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'Teachers Make' A Difference, What About You?

Teaching is a tough job: long hours, low pay, and constant criticism when test scores don't measure up. But for teacher advocate Taylor Mali, it's the best job in the world. He's written a new book in praise of the profession and in passionate defense of teachers.
NPR

Three-Minute Fiction Update: Judge's Favorites

Weekends on All Things Considered host Guy Raz checks-in with Three-Minute Fiction judge Luis Alberto Urrea to hear how the reading process is going and to hear some of his favorite stories thus far.
NPR

Single-Handedly Pitching 'An Improbable Life'

Guest host David Greene talks to former Yankee Jim Abbott about his new memoir, Imperfect: An Improbable Life, which chronicles his success as a Major League pitcher — despite only having one hand.
NPR

'Hot Dog' Meets 'Bun': Famous Food Discoveries

Some of the most popular culinary creations — Granny Smith apples, Caesar salad and nachos — are products of fortuitous discoveries. Josh Chetwynd's new book, How the Hot Dog Found Its Bun, chronicles the quirky history of kitchen favorites.
NPR

NewsPoet: Monica Youn Writes The Day In Verse

Each month, NPR's All Things Considered invites a poet into the newsroom to see how the show comes together and to write an original poem about the news. This month, our NewsPoet is Monica Youn. Want to write your own poem about the day's news? You can put them in the comments below.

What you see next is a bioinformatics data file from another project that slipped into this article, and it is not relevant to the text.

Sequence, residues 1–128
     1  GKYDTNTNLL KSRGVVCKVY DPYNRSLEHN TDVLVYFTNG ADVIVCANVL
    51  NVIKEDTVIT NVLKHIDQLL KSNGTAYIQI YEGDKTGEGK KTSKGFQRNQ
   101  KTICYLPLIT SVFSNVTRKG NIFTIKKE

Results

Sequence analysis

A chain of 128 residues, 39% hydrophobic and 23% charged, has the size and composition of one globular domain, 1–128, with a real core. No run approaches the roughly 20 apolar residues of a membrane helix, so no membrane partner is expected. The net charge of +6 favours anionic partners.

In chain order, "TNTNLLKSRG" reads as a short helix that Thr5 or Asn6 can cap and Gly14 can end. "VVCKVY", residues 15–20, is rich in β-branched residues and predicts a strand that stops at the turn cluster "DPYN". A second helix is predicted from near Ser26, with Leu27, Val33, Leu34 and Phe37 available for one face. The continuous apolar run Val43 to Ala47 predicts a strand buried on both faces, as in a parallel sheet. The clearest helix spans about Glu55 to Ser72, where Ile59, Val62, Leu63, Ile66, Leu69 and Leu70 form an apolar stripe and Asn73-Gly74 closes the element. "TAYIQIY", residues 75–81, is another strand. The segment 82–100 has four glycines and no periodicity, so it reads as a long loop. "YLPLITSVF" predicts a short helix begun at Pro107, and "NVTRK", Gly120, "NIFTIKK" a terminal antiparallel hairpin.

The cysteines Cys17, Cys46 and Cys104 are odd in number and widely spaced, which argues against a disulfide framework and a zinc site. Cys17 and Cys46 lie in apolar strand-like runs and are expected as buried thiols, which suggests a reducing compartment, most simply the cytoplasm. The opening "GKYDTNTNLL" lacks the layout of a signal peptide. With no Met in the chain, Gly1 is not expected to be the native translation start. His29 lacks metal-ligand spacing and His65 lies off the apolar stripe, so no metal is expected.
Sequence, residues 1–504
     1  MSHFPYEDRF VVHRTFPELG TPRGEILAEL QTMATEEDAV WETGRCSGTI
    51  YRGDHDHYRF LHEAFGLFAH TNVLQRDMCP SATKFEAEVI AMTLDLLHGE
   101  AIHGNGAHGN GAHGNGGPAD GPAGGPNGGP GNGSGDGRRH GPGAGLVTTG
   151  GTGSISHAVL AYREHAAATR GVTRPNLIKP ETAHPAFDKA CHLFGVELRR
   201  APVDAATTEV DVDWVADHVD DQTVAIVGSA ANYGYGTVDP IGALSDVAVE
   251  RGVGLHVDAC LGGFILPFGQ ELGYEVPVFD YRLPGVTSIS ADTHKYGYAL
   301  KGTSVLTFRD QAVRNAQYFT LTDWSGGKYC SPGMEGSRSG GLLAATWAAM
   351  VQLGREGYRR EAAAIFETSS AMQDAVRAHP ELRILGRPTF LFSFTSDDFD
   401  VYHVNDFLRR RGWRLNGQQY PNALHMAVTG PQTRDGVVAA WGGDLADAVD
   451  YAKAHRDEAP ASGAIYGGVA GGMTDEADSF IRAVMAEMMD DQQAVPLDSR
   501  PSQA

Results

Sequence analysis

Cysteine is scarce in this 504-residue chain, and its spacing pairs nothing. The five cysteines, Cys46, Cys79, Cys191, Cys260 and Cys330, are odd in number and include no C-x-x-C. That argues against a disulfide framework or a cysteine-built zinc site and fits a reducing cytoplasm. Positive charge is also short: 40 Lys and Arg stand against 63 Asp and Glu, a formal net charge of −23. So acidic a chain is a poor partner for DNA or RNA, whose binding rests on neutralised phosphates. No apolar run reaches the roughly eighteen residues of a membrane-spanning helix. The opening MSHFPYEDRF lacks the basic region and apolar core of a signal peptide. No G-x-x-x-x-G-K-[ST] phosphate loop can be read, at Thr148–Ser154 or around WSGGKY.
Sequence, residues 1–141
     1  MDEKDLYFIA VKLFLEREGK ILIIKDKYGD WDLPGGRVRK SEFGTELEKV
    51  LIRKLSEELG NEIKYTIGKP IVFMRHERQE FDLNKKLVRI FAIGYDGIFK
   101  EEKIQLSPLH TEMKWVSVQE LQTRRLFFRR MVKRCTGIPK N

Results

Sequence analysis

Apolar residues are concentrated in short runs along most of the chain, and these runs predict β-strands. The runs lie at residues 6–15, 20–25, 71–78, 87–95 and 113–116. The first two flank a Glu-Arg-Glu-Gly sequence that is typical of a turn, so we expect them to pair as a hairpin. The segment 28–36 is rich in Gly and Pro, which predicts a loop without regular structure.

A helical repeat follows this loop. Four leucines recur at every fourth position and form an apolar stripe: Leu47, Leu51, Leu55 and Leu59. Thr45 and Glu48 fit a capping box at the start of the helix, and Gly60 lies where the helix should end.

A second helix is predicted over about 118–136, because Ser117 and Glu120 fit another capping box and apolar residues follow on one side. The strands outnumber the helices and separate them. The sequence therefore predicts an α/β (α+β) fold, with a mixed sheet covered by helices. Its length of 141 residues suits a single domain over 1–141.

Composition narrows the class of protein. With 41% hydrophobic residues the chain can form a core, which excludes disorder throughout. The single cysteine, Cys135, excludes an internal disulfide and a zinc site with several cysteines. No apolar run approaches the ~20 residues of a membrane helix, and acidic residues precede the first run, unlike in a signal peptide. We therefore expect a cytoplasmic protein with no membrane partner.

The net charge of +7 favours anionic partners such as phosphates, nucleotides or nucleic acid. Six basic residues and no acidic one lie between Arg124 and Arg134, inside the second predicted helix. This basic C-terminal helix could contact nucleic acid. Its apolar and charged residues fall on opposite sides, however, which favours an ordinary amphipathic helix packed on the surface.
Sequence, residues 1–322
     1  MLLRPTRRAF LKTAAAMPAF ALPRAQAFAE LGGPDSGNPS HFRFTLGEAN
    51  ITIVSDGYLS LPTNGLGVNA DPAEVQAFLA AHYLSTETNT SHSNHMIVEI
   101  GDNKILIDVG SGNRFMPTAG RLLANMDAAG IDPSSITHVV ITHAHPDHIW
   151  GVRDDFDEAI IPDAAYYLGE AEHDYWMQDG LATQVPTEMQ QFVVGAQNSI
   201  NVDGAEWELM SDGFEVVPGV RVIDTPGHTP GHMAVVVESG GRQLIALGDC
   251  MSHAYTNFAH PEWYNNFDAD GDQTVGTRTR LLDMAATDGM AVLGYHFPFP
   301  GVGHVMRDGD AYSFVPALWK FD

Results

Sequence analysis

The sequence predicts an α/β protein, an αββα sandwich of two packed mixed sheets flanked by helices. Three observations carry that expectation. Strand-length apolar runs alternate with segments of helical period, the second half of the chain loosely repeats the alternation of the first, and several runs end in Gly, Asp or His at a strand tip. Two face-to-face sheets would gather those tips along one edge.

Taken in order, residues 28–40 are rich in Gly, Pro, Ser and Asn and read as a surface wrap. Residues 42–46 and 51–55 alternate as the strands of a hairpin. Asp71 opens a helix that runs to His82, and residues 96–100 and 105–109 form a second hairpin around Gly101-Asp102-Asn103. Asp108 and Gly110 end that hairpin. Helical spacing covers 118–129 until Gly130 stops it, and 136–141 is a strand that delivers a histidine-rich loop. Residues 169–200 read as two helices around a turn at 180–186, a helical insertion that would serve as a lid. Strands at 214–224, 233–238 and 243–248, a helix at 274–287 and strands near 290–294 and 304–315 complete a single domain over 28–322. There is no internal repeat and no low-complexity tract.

NPR

Review: 'That Deadman Dance'

Kim Scott's new novel That Deadman Dance explores the historic first meetings of the aboriginal peoples of Australia and European settlers in the early 19th century.
WAMU 88.5

Robert Caro: The Passage of Power: The Years of Lyndon Johnson

Pulitzer Prize-winning author Robert Caro has spent nearly four decades researching and writing about President Lyndon Johnson. His fourth book on the LBJ, "The Passage of Power," follows Johnson from 1958 to 1964. Lyndon Johnson was...

WAMU 88.5

Ruth Richardson: "Dickens & the Workhouse: Oliver Twist and the London Poor"

The recent discovery that as a youth Charles Dickens lived only a few doors from a major London workhouse made headlines worldwide. Diane and her guest talk about the campaign to save it from demolition and Dicken's pre-occuptation with the bleak workhouse at the heart of his novel.

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